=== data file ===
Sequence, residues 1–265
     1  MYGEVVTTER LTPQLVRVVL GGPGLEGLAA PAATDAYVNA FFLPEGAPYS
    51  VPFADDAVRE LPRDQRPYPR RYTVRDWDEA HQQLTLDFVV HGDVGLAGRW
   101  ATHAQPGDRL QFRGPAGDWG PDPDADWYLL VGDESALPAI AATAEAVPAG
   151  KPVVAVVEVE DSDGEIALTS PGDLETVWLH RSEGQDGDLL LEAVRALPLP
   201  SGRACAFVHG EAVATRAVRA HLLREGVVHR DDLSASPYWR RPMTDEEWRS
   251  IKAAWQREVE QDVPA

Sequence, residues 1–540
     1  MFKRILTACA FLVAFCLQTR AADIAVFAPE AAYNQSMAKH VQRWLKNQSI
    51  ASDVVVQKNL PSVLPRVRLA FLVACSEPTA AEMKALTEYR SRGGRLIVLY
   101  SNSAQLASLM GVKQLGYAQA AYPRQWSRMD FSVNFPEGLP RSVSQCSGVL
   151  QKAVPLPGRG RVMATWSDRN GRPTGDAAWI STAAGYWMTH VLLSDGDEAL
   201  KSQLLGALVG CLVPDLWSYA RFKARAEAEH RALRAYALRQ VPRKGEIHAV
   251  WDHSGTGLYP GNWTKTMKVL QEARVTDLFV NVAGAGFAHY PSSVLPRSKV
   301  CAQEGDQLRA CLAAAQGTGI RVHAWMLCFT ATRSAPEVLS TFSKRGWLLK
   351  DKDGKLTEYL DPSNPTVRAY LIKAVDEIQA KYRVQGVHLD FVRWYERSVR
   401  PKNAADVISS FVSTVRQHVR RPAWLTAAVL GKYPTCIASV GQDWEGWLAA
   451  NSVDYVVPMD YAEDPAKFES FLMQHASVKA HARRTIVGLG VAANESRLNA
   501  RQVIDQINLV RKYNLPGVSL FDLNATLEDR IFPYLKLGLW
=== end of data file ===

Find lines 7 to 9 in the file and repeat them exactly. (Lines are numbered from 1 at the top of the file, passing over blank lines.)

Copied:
   251  IKAAWQREVE QDVPA

Sequence, residues 1–540
     1  MFKRILTACA FLVAFCLQTR AADIAVFAPE AAYNQSMAKH VQRWLKNQSI